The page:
Beliefnet
Attendance is up at the Museum of International Folk Art in Santa Fe, New Mexico, since a digital photograph went on exhibit satirizing Our Lady of Guadalupe. This image, a visual parody of the most familiar and treasured icon of Mexican Catholicism, presents the Virgin not in her traditional gorgeous robes but in a two-piece bathing suit made of roses.

Attendance went up earlier at the Brooklyn Museum when it displayed parodies of the Blessed Virgin and of Christ at the Last Supper. In the first parody, the cherubs who usually surround the Virgin in traditional iconography, with tiny wings sprouting from their baby faces, became female buttocks and genitalia the artist had excised from pornographic photographs and attached as collage. In the second parody, Christ was portrayed as a nude woman--the artist herself in a full-length frontal photograph.

The sophisticate's reaction to these works, at least to judge from reviews of the exhibitions, was studied nonchalance. The works causing all the fuss, said the reviewers, were only mildly interesting and certainly inoffensive. Other works in the two shows, they said, had rather more to offer.

The layman's reaction, when he or she had any attachment to Mary or Jesus or to iconography parodied, was impotent dismay. Censorship was out of the question, punitive measures, like reducing the museum's funding, almost equally so. When politicians proposed these, even those most offended by the art knew they were watching a grandstand play. But what could be done?

Other protests were even more counterproductive than censorship, enhancing rather than diminishing the sense that the works in question were somehow important. The resignation in Santa Fe Archbishop Michael Sheehan's here-we-go-again tone was unmistakable. Sheehan spoke as a man who cannot bring himself to say nothing, but knows, deep down, that he is wasting his breath.

There is a place for religious and ecclesiastical parody, of course, and obscenity is one of its best tools. Dante's "Inferno" is exuberantly obscene. But just as political satire only cuts deep when the satirist cares passionately about politics, so also for religious satire. All three of the artists in question claim to be, or to have been, Catholics, but even their defenders admit that in the works causing the controversy, their subject is essentially themselves as iconoclasts. And when that is the central purpose and only real subject of the work, a viewer cannot care about it without caring in advance about the artist who made it.

Some viewers actually manage this. They arrive prepared to experience their own diffuse anger vicariously through the artist's. In this transaction, the nominal subject of the work becomes little more than a convenient vehicle. Others, genuinely engaged with religion, experience a double frustration. To them, the artist's use of religious iconography fails to express what the artist is really angry about while allowing the church--which might benefit from informed and serious satire--to cry victim and yet actually escape scot-free.

Be that as it may, museum directors, concerned as they are with box-office success, might do well to note the results of an annual survey of art museum attendance in the March 9 issue of The Art Newspaper, the trade paper of the gallery biz. As The Art Newspaper interprets its own list, there were two big surprises in 2000: First, no show of impressionist art made the Top 10; second, the fourth most popular exhibition in the world was "Seeing Salvation: Images of Christ in Art," which attracted a record-breaking average daily attendance of 5,002 at the National Gallery, London. This remarkable exhibition, remarkable not least because it dared to deal with the content as well as the form of the art exhibited, may yet be seen as a watershed.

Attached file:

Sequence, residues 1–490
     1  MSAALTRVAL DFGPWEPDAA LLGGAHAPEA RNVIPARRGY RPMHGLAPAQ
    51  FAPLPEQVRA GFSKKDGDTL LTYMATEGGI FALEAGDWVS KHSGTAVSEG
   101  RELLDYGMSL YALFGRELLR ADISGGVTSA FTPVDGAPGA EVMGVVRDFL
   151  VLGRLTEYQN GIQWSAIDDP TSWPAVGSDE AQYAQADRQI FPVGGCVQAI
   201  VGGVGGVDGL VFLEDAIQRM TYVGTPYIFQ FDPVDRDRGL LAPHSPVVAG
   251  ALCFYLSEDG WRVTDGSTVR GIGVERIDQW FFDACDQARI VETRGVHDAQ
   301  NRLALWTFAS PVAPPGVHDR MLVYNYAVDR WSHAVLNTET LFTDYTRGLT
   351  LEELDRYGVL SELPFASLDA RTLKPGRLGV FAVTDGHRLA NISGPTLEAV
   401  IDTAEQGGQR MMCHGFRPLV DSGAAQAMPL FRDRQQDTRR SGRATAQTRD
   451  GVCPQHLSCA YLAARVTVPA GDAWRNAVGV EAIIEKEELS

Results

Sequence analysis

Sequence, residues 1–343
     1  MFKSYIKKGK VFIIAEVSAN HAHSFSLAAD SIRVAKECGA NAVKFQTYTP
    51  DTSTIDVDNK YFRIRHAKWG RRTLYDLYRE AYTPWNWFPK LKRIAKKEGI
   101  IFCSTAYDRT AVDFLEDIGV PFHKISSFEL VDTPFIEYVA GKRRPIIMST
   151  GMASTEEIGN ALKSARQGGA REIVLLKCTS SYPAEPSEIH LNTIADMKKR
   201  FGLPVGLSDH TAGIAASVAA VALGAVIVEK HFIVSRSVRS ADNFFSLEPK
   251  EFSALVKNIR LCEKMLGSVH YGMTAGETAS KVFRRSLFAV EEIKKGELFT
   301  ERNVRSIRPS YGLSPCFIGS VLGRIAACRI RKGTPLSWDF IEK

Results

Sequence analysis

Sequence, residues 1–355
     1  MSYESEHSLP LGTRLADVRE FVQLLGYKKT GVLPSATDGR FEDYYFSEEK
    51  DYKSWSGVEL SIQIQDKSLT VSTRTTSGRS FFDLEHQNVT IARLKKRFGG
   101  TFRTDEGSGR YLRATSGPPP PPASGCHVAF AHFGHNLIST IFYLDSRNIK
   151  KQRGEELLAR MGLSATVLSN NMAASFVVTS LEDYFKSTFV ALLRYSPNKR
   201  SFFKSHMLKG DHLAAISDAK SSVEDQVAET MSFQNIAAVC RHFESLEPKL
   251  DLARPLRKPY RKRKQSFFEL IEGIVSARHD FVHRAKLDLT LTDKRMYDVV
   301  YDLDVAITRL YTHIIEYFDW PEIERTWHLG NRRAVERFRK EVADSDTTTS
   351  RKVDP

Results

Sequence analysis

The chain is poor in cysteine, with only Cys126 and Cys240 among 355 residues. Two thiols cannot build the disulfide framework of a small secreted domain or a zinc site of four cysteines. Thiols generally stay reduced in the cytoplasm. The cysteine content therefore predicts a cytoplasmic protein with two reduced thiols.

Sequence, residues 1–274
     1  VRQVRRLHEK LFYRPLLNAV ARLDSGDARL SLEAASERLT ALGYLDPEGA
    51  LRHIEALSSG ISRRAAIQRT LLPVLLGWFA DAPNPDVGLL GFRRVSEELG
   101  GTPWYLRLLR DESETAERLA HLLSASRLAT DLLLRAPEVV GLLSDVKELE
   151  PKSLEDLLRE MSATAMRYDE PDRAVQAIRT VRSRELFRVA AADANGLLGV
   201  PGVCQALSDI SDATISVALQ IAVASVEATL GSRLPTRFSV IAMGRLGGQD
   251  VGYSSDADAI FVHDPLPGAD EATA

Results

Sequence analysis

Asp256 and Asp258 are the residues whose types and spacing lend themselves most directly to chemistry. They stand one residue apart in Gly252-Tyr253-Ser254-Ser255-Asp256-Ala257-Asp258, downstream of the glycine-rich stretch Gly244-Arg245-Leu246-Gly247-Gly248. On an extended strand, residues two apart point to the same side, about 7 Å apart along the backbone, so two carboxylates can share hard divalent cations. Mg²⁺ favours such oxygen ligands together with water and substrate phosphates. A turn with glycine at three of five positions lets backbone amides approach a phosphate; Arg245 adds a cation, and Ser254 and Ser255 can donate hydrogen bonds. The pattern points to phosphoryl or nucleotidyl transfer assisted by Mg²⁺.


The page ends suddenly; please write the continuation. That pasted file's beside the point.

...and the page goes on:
The rest of the list, however, is also such as to give pause to a museum director who might think that reputation and attendance will rise together if religion is panned. The most popular exhibition in the world was "El Greco: Identity and Transformation," which attracted nearly 7,000 visitors a day to the National Gallery, Athens. Kenneth Clark excluded El Greco from his famous "Civilization" series because--at least at that time--Sir Kenneth had no taste for Spain and little for mysticism. Now, it seems, mysticism sells.

The second most popular exhibition in the world was "Earthly Art, Heavenly Beauty," which attracted nearly 6,000 daily visitors to the Hermitage in St. Petersburg. Byzantine art is quintessentially spiritual, its mood uniquely still and reverent. The third most popular exhibition in the world was "Sinai: Byzantium & Russia," also at the Hermitage, with an average daily attendance of 5,500.

Artistic excellence is not determined by plebiscite. The appeal of great art is inseparable from the aristocratic conviction, battered though it must sometimes seem, that some artists are just better than others. A museum director who trusts his own judgment enough to showcase art that has not yet been borne aloft by popularity can play a formative role in identifying the art that will someday be recognized as great.

But in our day, more than ever, the voice of the people is heard in this debate as well, and with a force that goes beyond anything government censorship can achieve. To judge from museum attendance, what that voice is saying is that an artist genuinely (even if critically) engaged with a religious tradition offers more to the eye and the mind than one merely playing games with inherited images.

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